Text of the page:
All the prominent creatures of mythology seem to go through a period when they are in vogue, usually thanks to a YA (Young Adult) readership providing a cult-like and enthusiastic following for a few years. The Twilight Saga has recently popularised the vampire once more, though Meyer's vampires are lacking in a few qualities held by their predecessors. Dragons have had periods of popularity, thanks to Anne McCaffery's Dragonriders of Pern and Christopher Paolini's Inheritance cycle, to name but a couple. Yet there is one popular creature from mythology and fantasy who seems to have avoided such attention. The Mermaid is an iconic and exotic figure, who has been prevalent in the stories of many cultures since ancient times, though the last piece of mainstream popular culture with a mermaid as the protagonist is possibly Disney's 1989 adaptation of 'The Little Mermaid' by Hans Christian Anderson.
This is not to say that people are not enthused by mermaids. In my research for this post, I discovered the popular past-time of 'Mermaiding', a form of free-diving in which its participants swim with a monofin that is part of a (often beautifully decorated) suit for the legs and lower body, mimicking a mermaid's shimmering tail. I'd like to predict that the next YA sensation will be fronted by mermaids and then perhaps I can claim credit for my intuition if this happens to come true. However, they may be other reasons why mermaids haven't gained the kind of popularity that Vampires, Wizards and Witches, and Dragons have seen. A fin makes for a quite restrictive cosplay and the marine environment could in many ways limit the storyline and interaction with the rest of the world.
Mermaiding in Thailand.
Credit: Mermaid Kat
Indeed, in both early tales of mermaids and more recently-penned stories, the mermaids usually appear as nameless extras. Recent fantasy film series such as the Pirates of the Caribbean and Narnia have included mermaids, but they have not played any significant role in the plot of either. One exception seems to be in children's novels, where they are often found and befriended by human children, usually little girls, perhaps as some apparent wish-fulfilment of finding a beautiful and scaly best friend - imaginary, and incapable of escaping onto land - perfectly exclusive. Traditionally, mermaids have not been greeted with the warmest welcome. They are associated with the sirens of Greek mythology, femme fatales who lured sailors to shipwreck with their beautiful voices. Originally they didn't even have the beauty that is now so strongly associated with them. The mermaids of ancient texts were a combination of women and birds, with large women's heads, bird's feathers and scaly feet, and no fins at all. Later texts simply described them as beautiful women. British folklore depicted mermaids in a similarly negative way. In true British form, the mermaids are blamed only indirectly as omens of disaster at sea, whether it be floods, storms, shipwrecks or drownings.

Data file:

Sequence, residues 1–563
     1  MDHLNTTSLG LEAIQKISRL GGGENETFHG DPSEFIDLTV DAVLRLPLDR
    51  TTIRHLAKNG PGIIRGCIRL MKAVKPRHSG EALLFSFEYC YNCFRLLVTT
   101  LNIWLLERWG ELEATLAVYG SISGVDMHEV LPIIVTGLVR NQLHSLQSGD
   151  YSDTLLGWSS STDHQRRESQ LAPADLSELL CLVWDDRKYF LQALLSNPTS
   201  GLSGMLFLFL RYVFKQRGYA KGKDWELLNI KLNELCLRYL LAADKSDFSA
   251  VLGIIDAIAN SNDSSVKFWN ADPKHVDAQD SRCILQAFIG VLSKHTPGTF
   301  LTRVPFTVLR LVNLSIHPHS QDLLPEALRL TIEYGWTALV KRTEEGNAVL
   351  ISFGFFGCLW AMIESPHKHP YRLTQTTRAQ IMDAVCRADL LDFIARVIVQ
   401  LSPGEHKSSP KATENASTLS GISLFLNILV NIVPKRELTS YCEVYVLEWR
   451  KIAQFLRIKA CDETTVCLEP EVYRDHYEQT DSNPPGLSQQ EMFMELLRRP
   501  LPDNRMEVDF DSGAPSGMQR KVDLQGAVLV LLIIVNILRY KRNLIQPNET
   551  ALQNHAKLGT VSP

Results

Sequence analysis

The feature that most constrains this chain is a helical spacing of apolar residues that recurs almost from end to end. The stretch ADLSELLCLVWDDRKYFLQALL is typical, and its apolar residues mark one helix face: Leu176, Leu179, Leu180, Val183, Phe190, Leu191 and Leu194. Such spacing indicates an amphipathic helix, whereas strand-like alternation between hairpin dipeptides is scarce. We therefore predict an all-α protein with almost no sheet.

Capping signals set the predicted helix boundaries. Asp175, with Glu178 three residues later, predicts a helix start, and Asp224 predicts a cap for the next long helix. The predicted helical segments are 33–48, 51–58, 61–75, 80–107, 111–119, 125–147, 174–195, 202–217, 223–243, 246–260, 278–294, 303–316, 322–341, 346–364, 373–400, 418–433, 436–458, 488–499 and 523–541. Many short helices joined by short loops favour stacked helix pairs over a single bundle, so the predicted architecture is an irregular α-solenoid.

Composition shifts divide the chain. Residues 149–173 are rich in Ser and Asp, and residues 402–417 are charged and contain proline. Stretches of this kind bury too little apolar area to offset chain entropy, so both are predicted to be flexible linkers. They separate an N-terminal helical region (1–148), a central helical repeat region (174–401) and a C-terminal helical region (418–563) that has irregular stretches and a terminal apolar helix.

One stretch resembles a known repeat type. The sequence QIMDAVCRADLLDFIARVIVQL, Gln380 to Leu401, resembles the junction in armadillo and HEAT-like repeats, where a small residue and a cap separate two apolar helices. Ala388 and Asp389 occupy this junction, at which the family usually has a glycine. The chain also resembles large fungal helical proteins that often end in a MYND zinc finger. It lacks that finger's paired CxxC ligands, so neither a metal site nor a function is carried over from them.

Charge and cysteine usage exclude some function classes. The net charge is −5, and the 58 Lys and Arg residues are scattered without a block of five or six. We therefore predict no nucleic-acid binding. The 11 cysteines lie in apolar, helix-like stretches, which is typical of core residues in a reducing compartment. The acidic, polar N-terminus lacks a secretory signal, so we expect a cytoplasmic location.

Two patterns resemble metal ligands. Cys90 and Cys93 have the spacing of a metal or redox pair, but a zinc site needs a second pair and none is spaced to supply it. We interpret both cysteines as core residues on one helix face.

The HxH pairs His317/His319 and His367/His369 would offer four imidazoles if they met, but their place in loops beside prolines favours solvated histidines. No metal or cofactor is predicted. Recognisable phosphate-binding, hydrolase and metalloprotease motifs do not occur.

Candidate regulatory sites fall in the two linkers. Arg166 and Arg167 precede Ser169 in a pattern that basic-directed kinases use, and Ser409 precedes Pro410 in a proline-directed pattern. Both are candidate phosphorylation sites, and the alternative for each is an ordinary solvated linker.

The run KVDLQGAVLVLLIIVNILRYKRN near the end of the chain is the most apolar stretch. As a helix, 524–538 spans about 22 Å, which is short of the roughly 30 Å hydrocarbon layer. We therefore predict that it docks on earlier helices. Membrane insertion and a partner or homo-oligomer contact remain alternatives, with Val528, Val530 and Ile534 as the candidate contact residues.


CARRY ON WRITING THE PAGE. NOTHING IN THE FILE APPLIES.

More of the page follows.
Credit: Walt Disney Pictures
In the rare occasions in which a mermaid is presented as the protagonist, they either spend most of their time in their natural form wishing they could walk on land, or they have acquired the mermaid form as a punishment. Most readers will be familiar with the Disney adaptation of Hans Christian Andersen's fairytale 'The Little Mermaid'. The mermaid protagonist Ariel falls in love with a human prince and longs to have legs so she can walk on land. Ariel's strong-willed character has been praised; she's certainly a girl who knows what she wants and goes to great lengths to achieve it. However, the fantasy element of the story, the fact that she is a mermaid, is made to seem a hindrance, a restriction to her freedom and one she makes a great sacrifice to remove. Ariel agrees to make a pact with a sea witch who promises to grant her legs. In an interesting twist on the earlier mermaid stories, Ariel gives up her beautiful siren voice, which in earlier tales was the feature used by mermaids to seduce sailors and lure them to their doom. Disney provides the cosy romance that we'd expect from the Mickey Mouse creators, but Hans Christian Andersen's original story is far less straight-forward. To avoid any spoilers, you can read for yourself here. While we're on the subject, artist Sakimi Chan does beautiful gender-bending versions of Disney characters.
(Chan also speculates whether Ariel could've found headphones if she had lived in a later age. I wonder whether she would have gone seeking an accompanying iPod - inadvisable! - or whether she'd be content to wear them as an accessory.)
Credit: Sakimi Chan